Get Shortie

Tim Pilbeam delves into the practicalities of getting experimental with shortened-barrel rifles, taking his .308 rifle barrel down to 16in and gauging the results

On test: This time, it's Tim’s developments awaiting a verdict

The concept of using a shortened barrel on a sporting rifle has been around for years. I have reviewed rifles such as the RPA Woodland Stalker, the Ruger Scout, and recently, the new tactical military Rangemaster Precision Arms G2 ‘Stby’ (Stubby) that shot ½-1MOA out to 500 yards, using a 16in military-grade barrel. With these in mind, I wondered if I could modify one of my rifles purely for the shooting of deer.

In my gun cabinet I had a spare .308 gathering dust – a perfect candidate for this project. I have owned it for over 10 years, and I know it shoots well under an inch at 100 yards, using a variety of ammunition from 150 to 185 grains. It is an old Sako Forrester with an aftermarket Timney trigger, as well as a full synthetic bedding job. The barrel had been shortened by at least an inch owing to the crown being ‘pickled’, caused by leaving my T8 moderator permanently screwed on the barrel during storage. Now I remove all moderators after use, but despite doing this, the crown was looking a little shabby – so perhaps it was a good time to do something drastic to my faithful Forrester.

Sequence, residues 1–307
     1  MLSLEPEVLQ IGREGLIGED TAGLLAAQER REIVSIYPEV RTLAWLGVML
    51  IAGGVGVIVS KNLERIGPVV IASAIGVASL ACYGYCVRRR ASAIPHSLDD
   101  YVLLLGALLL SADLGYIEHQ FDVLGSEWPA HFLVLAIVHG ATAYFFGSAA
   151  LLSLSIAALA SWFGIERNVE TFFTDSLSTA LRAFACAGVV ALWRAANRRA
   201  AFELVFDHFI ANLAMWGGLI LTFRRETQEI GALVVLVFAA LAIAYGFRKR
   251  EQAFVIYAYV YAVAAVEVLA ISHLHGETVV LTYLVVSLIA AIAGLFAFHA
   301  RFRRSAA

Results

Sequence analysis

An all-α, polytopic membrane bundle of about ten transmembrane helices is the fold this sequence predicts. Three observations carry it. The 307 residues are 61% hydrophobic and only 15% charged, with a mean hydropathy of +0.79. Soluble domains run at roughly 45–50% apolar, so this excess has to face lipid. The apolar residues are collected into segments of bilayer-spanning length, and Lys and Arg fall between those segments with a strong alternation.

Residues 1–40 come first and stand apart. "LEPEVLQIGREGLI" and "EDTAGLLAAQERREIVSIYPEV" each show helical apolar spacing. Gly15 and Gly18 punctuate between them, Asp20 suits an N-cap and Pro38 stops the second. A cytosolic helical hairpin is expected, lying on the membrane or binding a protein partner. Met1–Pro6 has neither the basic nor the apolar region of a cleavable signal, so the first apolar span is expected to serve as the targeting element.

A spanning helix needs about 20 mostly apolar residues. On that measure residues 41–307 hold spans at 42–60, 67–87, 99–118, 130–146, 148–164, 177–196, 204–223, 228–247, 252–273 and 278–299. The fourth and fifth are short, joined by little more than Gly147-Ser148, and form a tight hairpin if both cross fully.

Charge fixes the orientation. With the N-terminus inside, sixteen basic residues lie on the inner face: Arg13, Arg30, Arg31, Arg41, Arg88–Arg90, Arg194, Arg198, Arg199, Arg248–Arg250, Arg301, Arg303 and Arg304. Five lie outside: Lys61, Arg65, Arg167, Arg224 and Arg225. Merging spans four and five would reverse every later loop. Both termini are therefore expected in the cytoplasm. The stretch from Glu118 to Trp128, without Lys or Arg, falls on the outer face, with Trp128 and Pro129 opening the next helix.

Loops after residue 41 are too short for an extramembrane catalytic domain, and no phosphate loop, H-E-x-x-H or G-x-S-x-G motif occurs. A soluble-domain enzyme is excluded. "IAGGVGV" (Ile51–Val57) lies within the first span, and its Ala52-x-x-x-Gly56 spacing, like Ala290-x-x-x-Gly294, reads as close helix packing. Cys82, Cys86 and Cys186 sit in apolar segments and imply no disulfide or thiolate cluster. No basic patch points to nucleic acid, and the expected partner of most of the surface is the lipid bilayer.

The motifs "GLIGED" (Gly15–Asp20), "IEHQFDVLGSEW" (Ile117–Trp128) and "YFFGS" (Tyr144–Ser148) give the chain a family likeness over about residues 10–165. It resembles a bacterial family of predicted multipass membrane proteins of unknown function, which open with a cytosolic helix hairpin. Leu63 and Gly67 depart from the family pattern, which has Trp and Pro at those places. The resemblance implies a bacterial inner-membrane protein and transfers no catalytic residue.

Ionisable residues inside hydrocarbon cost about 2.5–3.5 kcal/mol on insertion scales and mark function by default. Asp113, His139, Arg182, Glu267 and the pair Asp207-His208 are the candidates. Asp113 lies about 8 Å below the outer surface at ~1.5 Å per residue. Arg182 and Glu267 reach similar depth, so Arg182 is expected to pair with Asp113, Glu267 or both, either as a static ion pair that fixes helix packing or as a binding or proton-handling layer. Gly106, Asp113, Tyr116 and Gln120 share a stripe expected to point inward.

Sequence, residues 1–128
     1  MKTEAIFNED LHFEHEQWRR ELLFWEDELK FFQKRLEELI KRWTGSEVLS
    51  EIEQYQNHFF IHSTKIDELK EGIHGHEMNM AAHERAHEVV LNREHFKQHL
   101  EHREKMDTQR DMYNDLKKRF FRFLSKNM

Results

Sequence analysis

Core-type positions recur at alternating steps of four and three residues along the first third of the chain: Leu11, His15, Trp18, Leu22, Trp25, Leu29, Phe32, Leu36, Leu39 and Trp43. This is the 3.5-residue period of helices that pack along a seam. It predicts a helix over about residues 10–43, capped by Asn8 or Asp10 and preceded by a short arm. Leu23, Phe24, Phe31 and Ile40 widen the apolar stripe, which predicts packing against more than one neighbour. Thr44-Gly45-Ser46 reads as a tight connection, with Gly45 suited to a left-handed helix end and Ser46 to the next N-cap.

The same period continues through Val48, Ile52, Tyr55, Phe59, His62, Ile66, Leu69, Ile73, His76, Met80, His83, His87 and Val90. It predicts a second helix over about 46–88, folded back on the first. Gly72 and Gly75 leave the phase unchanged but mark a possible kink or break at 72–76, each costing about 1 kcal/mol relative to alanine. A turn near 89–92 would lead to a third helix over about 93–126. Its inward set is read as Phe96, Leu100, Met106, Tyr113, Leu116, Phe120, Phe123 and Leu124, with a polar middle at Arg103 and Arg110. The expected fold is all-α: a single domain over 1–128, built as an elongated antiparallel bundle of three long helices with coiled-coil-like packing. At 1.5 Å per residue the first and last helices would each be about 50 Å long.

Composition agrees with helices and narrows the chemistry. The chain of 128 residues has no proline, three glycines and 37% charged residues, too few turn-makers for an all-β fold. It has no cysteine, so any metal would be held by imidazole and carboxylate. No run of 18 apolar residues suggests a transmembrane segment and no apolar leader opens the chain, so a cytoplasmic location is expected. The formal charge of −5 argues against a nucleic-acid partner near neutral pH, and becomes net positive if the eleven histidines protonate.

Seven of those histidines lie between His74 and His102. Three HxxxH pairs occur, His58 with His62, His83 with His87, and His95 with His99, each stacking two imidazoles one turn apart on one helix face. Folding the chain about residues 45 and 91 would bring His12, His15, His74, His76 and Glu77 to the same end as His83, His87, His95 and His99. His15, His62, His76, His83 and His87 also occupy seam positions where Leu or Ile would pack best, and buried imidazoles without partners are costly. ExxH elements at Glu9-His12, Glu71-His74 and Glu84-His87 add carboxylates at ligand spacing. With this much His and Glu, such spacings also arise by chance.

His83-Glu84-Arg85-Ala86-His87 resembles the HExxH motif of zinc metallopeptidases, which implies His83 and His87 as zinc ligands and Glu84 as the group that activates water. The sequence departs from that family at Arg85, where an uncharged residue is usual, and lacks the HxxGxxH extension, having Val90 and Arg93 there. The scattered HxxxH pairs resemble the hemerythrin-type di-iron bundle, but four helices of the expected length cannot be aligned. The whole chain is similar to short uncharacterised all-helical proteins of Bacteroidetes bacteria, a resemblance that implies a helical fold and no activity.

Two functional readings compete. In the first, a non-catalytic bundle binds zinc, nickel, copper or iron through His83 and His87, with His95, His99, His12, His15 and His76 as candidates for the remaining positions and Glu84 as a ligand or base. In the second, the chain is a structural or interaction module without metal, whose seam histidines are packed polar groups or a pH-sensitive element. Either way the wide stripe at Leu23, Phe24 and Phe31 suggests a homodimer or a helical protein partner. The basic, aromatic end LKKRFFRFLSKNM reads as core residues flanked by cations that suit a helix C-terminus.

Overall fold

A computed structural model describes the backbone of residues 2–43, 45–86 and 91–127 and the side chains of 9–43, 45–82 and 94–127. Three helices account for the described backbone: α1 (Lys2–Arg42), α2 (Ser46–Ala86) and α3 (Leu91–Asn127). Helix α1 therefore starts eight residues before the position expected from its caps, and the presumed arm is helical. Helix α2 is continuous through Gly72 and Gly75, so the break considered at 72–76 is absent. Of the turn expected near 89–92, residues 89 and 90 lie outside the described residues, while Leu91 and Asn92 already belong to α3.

Now for the technical bit, which needs careful consideration before taking the plunge. There are good reasons why most barrels are over 20in in length. Firstly, the balance will be affected, making it heavier towards the rear, which can be detrimental to the feel of the rifle. A short barrel also creates more muzzle blast, a louder report, and a more punchy recoil, along with increased muzzle lift. With regards to accuracy, some sceptics would say that a bullet may not be stabilised enough, causing accuracy issues at longer ranges. I would be happier if the twist rate was a tighter 1 in 10in, not the 1 in 12in as standard for this rifle. This could be a gamble, as I had completely forgotten about what could be a critical fact, so fingers crossed – I could be lucky.

Out with the old – but the addition of a moderator keeps the overall length comparable

After removing the scope and mounts, I dropped the rifle into Julian Savory of JMS Arms in Sussex to take over the job of shortening the barrel and rethreading it to a 14x1mm. Julian imports MAE moderators from New Zealand, and after trying a few on many rifles over the past six months, I chose the lighter over-barrelled T12 Scout model. This extends beyond the barrel by 124mm (5in) and is only 38mm wide (1.5in in old money), making it more or less the same length as before I started this modification. I also had the option of the quieter T12 Standard model, but this is heavier, and owing to the shortness of the barrel would require the forend of the stock to be shortened by 2in owing to the longer over-barrel length.